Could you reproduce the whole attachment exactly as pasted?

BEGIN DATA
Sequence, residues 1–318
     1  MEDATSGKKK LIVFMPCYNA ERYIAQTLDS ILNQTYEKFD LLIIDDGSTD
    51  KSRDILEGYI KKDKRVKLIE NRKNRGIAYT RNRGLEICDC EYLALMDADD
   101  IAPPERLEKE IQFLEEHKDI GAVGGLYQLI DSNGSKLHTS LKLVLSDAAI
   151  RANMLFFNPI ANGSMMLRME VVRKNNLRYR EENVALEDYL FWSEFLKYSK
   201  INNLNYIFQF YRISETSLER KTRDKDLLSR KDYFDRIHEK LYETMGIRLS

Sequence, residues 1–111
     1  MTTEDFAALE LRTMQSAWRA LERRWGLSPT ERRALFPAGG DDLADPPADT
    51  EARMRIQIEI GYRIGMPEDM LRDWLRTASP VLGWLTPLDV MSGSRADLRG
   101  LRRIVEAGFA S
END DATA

Sequence, residues 1–318
     1  MEDATSGKKK LIVFMPCYNA ERYIAQTLDS ILNQTYEKFD LLIIDDGSTD
    51  KSRDILEGYI KKDKRVKLIE NRKNRGIAYT RNRGLEICDC EYLALMDADD
   101  IAPPERLEKE IQFLEEHKDI GAVGGLYQLI DSNGSKLHTS LKLVLSDAAI
   151  RANMLFFNPI ANGSMMLRME VVRKNNLRYR EENVALEDYL FWSEFLKYSK
   201  INNLNYIFQF YRISETSLER KTRDKDLLSR KDYFDRIHEK LYETMGIRLS

Sequence, residues 1–111
     1  MTTEDFAALE LRTMQSAWRA LERRWGLSPT ERRALFPAGG DDLADPPADT
    51  EARMRIQIEI GYRIGMPEDM LRDWLRTASP VLGWLTPLDV MSGSRADLRG
   101  LRRIVEAGFA S